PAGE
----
Mercedes expect they will find it difficult to replicate the double podium finish they scored at Paul Ricard when Formula 1 moves to the Hungaroring this weekend.Lewis Hamilton and George Russell finished second and third at the French Grand Prix, the latter overtaking Sergio Perez on-track to take the final podium place.
Mercedes’ motorsport strategy director James Vowles said that performance was possible because the track allowed the team to capitalise on their strong race pace.
“I think where we are at the moment is clearly we are improving the car race-on-race and our race pace is getting there,” said Vowles. “But qualifying isn’t at the moment.
“We are struggling to really get into the mix with them and there is going to be certain tracks like Paul Ricard and Silverstone where we are able to use that race pace to our advantage.”
Mercedes also capitalised on the opportunities presented by their rivals last weekend, said Vowles. “It’s fair to say there are weeks where it is difficult to distinguish between the two Ferraris and the two Red Bulls. There are weeks where Perez’s pace is similar to Verstappen or offset by simply a small amount. This weekend looked to be a larger difference.
“In the case of Sainz, he had engine penalties which meant he started from the back of the grid. Had he been in front, he was an incredibly fast car and it would have been difficult to beat, so we have an element of realism.”
This weekend’s race at the Hungaroring, where overtaking is notoriously difficult, will not play to Mercedes’ race-day strength, said Vowles.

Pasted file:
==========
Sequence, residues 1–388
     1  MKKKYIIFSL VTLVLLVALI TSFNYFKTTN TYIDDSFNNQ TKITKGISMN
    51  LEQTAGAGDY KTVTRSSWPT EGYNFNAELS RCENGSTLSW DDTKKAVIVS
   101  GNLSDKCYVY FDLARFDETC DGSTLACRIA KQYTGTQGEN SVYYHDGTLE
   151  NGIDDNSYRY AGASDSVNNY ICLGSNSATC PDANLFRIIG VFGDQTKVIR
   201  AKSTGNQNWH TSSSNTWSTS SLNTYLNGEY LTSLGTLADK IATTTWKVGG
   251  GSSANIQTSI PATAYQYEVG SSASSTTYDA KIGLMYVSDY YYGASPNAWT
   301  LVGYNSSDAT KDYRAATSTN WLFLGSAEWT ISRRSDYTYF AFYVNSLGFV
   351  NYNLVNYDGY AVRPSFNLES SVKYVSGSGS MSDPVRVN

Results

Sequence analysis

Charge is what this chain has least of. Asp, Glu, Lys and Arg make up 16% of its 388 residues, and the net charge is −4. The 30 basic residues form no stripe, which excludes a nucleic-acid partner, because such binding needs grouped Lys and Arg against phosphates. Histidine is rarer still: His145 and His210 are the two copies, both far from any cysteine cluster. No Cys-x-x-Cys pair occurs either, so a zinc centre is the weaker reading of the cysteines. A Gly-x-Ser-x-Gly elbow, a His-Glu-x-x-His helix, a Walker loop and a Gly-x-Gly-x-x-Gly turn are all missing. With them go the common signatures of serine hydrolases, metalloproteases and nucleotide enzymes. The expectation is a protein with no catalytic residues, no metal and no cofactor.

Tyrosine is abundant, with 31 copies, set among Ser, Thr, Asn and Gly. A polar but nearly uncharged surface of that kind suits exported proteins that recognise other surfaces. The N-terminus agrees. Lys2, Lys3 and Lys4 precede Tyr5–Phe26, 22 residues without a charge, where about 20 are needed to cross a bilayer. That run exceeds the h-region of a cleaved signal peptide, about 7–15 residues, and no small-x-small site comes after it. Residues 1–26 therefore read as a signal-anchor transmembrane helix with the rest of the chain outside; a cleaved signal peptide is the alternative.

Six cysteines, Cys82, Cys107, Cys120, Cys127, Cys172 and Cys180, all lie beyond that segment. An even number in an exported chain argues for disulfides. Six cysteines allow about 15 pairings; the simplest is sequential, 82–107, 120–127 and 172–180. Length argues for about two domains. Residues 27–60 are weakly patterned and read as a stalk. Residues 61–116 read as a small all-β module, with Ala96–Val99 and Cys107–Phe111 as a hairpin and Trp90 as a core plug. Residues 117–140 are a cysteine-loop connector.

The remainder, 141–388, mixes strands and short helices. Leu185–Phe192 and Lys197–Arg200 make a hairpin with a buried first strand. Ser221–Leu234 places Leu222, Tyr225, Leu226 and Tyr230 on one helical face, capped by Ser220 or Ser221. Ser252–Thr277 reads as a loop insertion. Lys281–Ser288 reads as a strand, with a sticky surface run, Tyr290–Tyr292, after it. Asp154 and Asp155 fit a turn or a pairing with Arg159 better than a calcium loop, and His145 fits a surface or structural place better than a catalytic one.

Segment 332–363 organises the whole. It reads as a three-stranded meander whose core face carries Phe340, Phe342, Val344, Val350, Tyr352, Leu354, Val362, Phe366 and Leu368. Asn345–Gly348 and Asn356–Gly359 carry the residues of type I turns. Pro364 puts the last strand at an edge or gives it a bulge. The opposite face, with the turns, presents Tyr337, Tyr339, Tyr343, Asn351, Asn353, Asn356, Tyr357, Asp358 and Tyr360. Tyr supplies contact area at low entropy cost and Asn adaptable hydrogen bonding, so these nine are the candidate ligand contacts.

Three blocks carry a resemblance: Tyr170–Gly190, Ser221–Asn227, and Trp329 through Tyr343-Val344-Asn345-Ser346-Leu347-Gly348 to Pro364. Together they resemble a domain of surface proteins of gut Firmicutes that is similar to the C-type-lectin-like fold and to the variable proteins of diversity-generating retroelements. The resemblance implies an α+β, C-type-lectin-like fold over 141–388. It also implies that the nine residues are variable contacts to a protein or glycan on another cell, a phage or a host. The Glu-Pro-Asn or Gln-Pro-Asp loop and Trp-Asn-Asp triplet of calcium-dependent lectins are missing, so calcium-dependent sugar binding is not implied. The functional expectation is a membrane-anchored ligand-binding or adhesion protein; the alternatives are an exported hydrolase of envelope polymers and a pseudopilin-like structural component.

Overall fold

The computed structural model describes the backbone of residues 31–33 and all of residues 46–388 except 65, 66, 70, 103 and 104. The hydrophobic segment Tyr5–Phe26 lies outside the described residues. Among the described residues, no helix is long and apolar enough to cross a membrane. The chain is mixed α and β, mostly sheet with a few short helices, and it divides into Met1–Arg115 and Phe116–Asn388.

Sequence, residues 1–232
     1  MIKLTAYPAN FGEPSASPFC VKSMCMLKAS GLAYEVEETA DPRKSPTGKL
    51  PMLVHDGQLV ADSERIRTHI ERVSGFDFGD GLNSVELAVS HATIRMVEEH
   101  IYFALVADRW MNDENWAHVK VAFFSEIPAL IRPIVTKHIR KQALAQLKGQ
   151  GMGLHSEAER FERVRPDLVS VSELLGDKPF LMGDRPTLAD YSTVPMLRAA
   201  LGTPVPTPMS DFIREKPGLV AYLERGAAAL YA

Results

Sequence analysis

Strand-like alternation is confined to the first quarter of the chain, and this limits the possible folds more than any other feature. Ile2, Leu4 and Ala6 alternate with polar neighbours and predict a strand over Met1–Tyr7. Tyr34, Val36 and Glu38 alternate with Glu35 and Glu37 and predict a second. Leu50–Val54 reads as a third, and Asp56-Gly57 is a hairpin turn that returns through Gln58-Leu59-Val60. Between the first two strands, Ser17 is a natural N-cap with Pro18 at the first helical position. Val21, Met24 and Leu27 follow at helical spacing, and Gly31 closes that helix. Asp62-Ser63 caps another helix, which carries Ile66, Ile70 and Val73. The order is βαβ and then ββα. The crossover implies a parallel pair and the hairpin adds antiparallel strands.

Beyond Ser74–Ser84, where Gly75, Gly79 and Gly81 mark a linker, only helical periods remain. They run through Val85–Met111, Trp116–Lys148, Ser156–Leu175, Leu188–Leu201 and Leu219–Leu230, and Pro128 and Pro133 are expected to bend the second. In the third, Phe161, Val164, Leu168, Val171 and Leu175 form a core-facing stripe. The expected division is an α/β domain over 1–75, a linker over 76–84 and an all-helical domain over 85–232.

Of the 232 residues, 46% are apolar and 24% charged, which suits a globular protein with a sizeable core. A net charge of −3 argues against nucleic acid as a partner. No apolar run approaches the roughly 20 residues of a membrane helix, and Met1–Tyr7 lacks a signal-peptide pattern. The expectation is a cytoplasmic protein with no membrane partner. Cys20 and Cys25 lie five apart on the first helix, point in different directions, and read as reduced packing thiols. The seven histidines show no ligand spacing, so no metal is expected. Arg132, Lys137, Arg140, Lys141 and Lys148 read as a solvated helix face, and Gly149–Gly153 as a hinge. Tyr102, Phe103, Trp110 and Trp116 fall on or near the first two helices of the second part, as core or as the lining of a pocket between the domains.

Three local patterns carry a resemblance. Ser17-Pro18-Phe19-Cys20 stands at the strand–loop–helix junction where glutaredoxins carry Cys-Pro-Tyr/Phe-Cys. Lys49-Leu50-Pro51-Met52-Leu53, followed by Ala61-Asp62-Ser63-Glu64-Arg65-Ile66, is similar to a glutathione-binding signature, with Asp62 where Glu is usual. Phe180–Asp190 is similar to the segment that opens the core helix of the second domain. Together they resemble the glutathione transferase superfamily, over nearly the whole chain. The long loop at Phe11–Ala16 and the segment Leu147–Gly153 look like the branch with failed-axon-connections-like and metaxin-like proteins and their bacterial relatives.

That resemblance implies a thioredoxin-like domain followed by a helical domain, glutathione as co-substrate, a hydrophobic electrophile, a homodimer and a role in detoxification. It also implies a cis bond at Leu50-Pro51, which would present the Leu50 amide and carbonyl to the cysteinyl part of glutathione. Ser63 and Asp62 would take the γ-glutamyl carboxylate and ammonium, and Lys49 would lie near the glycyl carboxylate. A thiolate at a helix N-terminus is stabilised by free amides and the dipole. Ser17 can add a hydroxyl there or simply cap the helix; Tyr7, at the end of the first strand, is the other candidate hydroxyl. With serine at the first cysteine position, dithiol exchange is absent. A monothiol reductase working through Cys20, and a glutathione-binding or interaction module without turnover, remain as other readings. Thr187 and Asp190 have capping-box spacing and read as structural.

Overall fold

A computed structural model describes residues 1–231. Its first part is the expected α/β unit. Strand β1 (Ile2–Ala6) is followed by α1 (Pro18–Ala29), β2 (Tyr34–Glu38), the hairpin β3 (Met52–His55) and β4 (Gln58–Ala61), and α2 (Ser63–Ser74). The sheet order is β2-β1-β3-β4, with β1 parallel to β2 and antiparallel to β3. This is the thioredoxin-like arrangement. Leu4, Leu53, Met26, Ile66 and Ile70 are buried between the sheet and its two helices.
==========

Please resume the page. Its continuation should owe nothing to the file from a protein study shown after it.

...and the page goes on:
“It’s very difficult at Budapest if you start behind to move back forward through the field again. There are opportunities, it’s just more difficult.”
“We are here to improve and to move forward but we are not there yet. We need others to make mistakes and to pick up the pieces from it and move forward.”
However Vowles is encouraged by the renewed optimism at Mercedes following their difficult start to the season.
“I am incredibly pleased to see that people are getting carried away,” he said. “The whole point of motorsport is to create some of the highest highs you can ever feel and some of the lowest lows as well.
“But we are not where we need to be yet to be winning, that’s the short answer to it, especially for example on qualifying pace and Hungary will expose that weakness somewhat. We have made steps forward and I can see progress, and we can see progress for how we are going to move forward again across the next few races, but in Budapest we have to be realistic.
“Where we are with this car is a strong race car but we may not be able to use all of it in the conditions that are presented to us. We need to do a better job than we have been doing to make sure we are qualifying where the car should be, towards the front.”
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